Friday, August 12, 2011

Novelty is Not A Bad Thing

There's promising new leukemia treatment that's emerging, and I don't think anyone is upset about that. But if you read the article, it almost didn't happen. To quote:
Both the National Cancer Institute and several pharmaceutical companies declined to pay for the research. Neither applicants nor funders discuss the reasons an application is turned down. But good guesses are the general shortage of funds and the concept tried in this experiment was too novel and, thus, too risky for consideration (emphasis mine).
 This makes no sense. Especially on the cancer front, new and innovative ways are needed to help get rid of the disease. But more and more, people are afraid of new and novel things and ideas, and staying more with what they know and what is "safe." This is just wrong.

Cancer, AIDS, leukemia, all those diseases, the traditional treatments just aren't good enough. Chemo, radiation, pills, with all of them the mortality rate is still too high for me to be happy. Taking risks for treatments that could potentially save lives that seem to make sense is a great idea. But many of these treatments are unfunded or unexplored, as mentioned in the above article. My grandmother was recently diagnosed with colon cancer. After a quack doctor gave her six months to live, she explored herbal treatments and remedies. From bed-ridden and dying, to taking herbs to treat the cancer (note the word treat, not cure), she was well enough to go to a cancer center for a better doctor. She is still alive and doing well a year after her six months were up.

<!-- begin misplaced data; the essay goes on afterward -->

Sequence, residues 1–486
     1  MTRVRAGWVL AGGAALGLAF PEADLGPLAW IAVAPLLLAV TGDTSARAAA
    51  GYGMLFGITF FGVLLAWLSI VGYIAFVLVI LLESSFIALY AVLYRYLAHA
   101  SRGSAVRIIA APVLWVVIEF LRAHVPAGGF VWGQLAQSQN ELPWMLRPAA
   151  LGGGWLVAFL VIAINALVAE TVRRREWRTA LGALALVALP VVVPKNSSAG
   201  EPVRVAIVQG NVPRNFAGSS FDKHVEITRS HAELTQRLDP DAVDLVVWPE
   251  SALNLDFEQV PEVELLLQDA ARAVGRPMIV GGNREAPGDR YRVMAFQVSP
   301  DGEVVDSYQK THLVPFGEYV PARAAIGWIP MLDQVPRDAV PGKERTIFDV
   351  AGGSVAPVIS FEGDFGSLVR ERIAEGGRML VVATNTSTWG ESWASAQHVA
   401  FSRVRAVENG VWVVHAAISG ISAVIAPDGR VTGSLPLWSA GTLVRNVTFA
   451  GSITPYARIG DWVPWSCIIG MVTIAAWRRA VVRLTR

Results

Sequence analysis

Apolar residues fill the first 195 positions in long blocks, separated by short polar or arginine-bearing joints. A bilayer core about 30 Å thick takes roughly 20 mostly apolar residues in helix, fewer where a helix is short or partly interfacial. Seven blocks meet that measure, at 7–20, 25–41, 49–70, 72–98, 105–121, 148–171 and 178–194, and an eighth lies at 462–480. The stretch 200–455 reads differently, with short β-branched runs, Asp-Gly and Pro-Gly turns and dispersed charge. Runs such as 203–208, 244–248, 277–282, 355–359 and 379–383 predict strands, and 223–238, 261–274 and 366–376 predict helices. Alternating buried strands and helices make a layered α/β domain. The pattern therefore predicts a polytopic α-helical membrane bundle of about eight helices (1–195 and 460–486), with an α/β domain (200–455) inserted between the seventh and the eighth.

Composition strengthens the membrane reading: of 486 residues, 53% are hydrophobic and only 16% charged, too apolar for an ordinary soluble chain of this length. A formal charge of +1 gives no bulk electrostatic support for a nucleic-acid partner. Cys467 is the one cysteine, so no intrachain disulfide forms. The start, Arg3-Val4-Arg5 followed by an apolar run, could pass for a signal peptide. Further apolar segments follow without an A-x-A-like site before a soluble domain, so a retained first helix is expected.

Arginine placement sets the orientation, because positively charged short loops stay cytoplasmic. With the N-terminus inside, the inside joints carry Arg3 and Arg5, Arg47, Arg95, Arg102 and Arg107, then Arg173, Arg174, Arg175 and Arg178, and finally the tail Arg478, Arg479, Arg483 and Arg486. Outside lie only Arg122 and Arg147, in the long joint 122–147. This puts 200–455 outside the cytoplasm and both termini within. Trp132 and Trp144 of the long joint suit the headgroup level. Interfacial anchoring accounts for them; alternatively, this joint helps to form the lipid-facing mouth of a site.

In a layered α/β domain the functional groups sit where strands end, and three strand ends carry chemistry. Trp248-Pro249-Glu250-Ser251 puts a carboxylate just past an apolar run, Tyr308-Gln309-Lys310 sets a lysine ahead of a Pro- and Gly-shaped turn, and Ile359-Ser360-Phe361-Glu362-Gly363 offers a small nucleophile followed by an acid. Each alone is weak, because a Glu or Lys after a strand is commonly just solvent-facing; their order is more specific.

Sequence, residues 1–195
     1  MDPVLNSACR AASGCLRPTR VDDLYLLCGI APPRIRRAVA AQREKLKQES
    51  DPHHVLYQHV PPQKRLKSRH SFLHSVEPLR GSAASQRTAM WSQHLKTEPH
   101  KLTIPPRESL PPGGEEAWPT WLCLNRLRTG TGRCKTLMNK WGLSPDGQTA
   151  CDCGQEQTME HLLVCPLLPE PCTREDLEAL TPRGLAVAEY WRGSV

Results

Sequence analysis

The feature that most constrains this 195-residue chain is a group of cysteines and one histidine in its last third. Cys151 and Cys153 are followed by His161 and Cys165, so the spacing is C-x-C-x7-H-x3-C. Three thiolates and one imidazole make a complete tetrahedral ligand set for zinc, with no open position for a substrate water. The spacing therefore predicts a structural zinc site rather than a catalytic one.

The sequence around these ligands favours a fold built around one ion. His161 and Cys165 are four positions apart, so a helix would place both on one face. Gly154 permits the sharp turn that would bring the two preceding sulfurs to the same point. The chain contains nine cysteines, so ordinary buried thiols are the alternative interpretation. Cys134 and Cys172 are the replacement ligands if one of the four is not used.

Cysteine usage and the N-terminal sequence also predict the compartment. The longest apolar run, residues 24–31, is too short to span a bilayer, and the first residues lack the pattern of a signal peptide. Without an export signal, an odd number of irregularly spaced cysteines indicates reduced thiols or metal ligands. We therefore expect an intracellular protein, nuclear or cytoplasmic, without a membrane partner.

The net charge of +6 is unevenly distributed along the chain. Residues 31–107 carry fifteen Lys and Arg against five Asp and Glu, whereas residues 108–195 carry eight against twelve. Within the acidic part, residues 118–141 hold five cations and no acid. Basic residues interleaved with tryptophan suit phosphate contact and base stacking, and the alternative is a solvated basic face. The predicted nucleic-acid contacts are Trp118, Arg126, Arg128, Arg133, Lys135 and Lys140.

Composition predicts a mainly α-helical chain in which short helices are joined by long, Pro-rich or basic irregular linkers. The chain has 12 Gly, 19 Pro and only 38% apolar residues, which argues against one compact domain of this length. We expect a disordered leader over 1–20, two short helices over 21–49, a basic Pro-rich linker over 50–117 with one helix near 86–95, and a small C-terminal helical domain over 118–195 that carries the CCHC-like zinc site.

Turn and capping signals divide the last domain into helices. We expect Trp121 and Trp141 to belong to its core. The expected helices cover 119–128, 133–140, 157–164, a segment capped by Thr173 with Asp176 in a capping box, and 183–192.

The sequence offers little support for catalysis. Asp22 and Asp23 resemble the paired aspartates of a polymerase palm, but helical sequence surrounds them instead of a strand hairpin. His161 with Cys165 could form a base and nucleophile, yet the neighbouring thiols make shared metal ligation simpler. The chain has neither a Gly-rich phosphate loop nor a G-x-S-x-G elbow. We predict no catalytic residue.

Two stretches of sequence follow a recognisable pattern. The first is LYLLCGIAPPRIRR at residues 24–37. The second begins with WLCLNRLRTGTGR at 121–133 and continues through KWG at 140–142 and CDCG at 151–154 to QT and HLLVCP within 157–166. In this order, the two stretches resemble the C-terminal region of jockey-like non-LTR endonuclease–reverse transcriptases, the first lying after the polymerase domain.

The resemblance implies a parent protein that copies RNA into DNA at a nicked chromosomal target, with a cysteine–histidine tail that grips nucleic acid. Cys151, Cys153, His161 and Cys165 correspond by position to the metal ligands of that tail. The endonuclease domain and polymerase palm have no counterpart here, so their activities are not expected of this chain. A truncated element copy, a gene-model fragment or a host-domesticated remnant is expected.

As stated, though, these treatments must make sense. I'm not saying to fund every thing that gets put on grant desk. But a treatment that uses a body's own T-Cells to kill the tumors seems like something worth funding. Herbs that can help slow the growth of a tumor, or at least give the patient some vitality during a chemo treatment may be worth looking into. A flashing light that blinds the tumor into falling off is stupid. A regimen of rubbing horseradish and turnip greens over the cancer site should be filed under "Not even if I won the lottery." 

As you can imagine, this is a difficult task. Sometimes great and new ways seem insane and not worth a second glance. But I call for some more serious thought be put into the rejection and acceptance process. more transparency for sure. The article said the reasons for turning down an applications is not discussed. This leaves too much room for politicking and self interest. With no transparency, it's too easy for friends, business associates, and others who may return a favor further down the road to get funding, while people outside the loop or people who slighted someone on the applicant board in the past go unnoticed. 

New treatments need to be sought out. New avenues need to be pursued to cure all kinds of deadly diseases. But being scared of novel ideas is just wrong. Every idea deserves a lot of consideration, and every rejection should be reviewed before it is permanently rejected. Without that, progress will be slow, and more people will succumb to their illness instead of living long and productive lives. And isn't that exactly what we're trying to prevent?

Agree? Disagree? I'm interested in what you have to say! Leave a comment or try one of the many ways of contacting me to let me know your thoughts!

No comments: